Kerasote found six common factors amongst all of the emails he received including: inbreeding, nutrition, environmental pollutants, vaccination, spaying and neutering, and the shelter system where for so many dogs is the place they spend the last days of their lives.
Some of his research led to some interesting facts such as bigger mammals living longer than smaller mammals. A few exceptions include smaller dogs living longer than bigger dogs, and humans who are smaller than many mammals living the longest after the whale.
The author also takes the reader through the process of rendering, starting in the chapter on the ingredients found in dog food.
“Wanting to get to the bottom of the issue and discover what really goes into the rendered products that so many of our dogs eat, I began by calling the National Renderers Association, where a high-placed official told me that to his knowledge no plant in the United States currently rendered dogs and cats into pet food,” Kerasote wrote.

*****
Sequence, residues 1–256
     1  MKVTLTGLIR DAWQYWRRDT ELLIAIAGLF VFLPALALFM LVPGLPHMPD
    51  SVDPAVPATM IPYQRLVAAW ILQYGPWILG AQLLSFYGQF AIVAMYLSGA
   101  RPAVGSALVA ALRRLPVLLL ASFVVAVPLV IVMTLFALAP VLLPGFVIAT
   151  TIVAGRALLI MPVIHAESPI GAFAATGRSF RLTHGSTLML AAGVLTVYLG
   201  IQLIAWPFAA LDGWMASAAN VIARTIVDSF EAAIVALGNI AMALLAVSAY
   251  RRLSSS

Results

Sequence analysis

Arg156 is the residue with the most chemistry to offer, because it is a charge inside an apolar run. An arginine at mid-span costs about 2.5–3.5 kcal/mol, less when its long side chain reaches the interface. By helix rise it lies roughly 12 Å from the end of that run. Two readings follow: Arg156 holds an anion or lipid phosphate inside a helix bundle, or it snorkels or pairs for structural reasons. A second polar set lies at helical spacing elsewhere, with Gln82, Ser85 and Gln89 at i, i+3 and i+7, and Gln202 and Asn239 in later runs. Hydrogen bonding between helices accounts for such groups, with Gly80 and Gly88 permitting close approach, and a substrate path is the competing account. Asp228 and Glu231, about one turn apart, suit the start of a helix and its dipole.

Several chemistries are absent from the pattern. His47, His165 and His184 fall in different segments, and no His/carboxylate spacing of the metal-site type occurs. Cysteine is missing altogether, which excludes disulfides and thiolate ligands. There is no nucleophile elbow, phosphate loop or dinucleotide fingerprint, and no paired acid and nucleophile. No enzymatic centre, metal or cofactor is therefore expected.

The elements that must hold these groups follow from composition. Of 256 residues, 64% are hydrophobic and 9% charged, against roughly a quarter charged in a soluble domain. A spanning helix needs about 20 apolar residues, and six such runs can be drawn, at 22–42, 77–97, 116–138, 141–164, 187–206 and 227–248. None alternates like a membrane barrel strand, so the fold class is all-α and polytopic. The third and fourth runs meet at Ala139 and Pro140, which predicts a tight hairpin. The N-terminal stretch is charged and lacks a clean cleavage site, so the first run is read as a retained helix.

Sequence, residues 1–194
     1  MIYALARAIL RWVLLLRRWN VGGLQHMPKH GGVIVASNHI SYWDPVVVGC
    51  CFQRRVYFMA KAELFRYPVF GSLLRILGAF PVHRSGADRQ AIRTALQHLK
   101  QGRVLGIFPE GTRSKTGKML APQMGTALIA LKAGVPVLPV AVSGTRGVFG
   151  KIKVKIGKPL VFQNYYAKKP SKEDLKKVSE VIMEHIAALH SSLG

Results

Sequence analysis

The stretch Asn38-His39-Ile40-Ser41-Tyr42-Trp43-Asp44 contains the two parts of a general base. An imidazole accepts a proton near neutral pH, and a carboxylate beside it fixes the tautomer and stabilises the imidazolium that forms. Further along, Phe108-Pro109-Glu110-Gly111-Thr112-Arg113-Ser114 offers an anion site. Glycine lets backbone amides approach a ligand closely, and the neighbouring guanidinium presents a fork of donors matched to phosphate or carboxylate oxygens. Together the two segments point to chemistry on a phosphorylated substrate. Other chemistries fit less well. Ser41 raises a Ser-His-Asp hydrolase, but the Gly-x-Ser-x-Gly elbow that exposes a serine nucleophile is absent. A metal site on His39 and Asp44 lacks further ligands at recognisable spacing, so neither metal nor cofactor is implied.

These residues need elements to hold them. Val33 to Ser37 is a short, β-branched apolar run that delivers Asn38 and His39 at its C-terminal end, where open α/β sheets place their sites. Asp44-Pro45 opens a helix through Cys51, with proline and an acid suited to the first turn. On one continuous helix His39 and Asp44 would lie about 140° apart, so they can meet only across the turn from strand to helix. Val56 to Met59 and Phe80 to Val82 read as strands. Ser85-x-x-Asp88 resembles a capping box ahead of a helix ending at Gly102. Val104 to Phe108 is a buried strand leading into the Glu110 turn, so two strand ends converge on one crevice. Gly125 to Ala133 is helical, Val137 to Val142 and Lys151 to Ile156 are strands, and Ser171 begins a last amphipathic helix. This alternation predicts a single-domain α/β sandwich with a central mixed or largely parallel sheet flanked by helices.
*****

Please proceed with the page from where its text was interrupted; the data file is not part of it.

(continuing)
Those who have loved and lost a family pet will find parts of the book hard to read without shedding a tear or two, especially the first few pages. The book is well written and uses the author’s true-life story to expand on valuable canine-related topics. The book covers a few new topics some dog owners may not have heard about such as the rendering process.
I highly recommend Pukka’s Promise for every dog or any type of pet owner or those thinking of becoming a pet owner. It offers a lot of good information that those in search of their next best friend will find useful.